Baked custard. I vary the sweeteners, often using honey, as well as the flavoring: almond extract, fennel seeds, orange oil are flavors I often use (but vanilla bean is the most frequent)


Fruit curd, including lemon curd are good on toast, mixed with plain yogurt, as cake filling,  or as a base in a fruit tart. Add whipped cream and/or whipped egg whites and you’ve got lemon mousse.

meyer lemon curd

Meringue & passion fruit curd… and also pavlovas

Meringues with passion fruit curd

Meringues with passion fruit curd (lemon curs or any kind of curd works too)


pavlova 030

Early Summer Pavlova with rhubarb curd


Chocolate mousse.

chocolate mousse

Spicy Chocolate Custard. custard, spicy chocolate 005




Winter Tomato Soup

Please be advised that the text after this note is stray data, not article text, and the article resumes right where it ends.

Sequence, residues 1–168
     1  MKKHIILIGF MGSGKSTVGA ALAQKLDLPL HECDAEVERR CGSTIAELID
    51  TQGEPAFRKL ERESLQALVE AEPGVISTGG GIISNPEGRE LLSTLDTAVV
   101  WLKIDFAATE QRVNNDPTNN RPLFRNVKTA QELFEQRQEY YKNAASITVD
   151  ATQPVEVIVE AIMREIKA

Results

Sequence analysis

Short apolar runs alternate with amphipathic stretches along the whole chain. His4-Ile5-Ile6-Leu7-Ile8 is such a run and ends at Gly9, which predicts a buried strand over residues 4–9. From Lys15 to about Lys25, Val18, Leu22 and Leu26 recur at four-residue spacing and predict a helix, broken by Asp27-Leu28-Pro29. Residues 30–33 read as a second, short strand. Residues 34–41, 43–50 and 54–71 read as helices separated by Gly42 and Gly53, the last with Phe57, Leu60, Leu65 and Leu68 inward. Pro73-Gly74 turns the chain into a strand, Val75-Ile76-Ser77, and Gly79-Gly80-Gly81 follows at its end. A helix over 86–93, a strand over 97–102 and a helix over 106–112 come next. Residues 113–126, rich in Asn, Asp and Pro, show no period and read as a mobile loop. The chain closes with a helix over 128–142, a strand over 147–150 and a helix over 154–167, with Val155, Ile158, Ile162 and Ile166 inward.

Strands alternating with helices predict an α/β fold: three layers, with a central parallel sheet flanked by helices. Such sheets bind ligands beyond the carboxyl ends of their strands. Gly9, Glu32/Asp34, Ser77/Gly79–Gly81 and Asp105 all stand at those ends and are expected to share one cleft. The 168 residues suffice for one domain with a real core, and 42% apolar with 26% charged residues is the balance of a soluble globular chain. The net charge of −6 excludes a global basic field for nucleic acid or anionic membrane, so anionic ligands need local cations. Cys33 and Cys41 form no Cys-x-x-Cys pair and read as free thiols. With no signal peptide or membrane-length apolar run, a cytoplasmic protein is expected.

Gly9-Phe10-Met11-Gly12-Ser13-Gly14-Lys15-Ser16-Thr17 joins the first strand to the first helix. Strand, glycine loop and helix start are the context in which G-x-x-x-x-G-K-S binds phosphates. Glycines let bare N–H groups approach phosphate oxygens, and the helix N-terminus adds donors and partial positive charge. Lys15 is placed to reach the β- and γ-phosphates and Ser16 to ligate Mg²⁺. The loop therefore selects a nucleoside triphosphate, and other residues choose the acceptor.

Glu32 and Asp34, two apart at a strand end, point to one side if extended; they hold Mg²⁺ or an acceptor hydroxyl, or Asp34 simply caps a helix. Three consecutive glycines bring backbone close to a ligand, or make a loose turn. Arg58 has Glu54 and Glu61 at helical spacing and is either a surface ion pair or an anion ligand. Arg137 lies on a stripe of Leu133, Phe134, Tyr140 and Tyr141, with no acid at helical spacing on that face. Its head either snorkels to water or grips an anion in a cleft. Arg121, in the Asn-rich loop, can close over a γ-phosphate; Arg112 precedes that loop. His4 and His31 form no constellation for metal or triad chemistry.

winter tomato soupAs far as I am concerned, I grow tomatoes for winter eating. In fact, this year, I am mostly growing paste tomatoes: Roma, Amish Paste, San Marzano, and Grandma Mary’s Paste

Tomatoes in summer? oh, sure, I like a good tomato sandwich as much as anyone (they are a summer staple lunch in fact). And roasted tomatoes, fast or slow, as well as tomato salad or gazpacho or the occasional tomato sorbet.

But in February nothing beats a lasagna redolent with garlicky and rosemary tomato sauce (unless it’s one with mushroom & bechamel) nor homemade pizza with thick red sauce. Or a piping hot tomato soup with grilled cheese sandwich. All perfect comfort food that’s warming and delicious. A pleasure to eat when it’s gray and cold. And that is why I bother and can tomatoes.

The soup is easy, comforting and delicious. Read more

Mushroom & Crème Fraiche Pizza

Homemade pizza is one of the simple pleasures of life. Make dough. Let rise (as many as 4 or 5 days in the fridge if needed). Roll out dough. Spread toppings. Put in a very hot oven. Open a bottle of beer or pour a glass of wine. Patient 10 minutes. Enjoy.

PS – use a pizza stone: it will immensely increase the quality of your pizza. One word: perfect crust!

PPS – neither tomato nor pepperoni necessary (although sometimes they have their use!)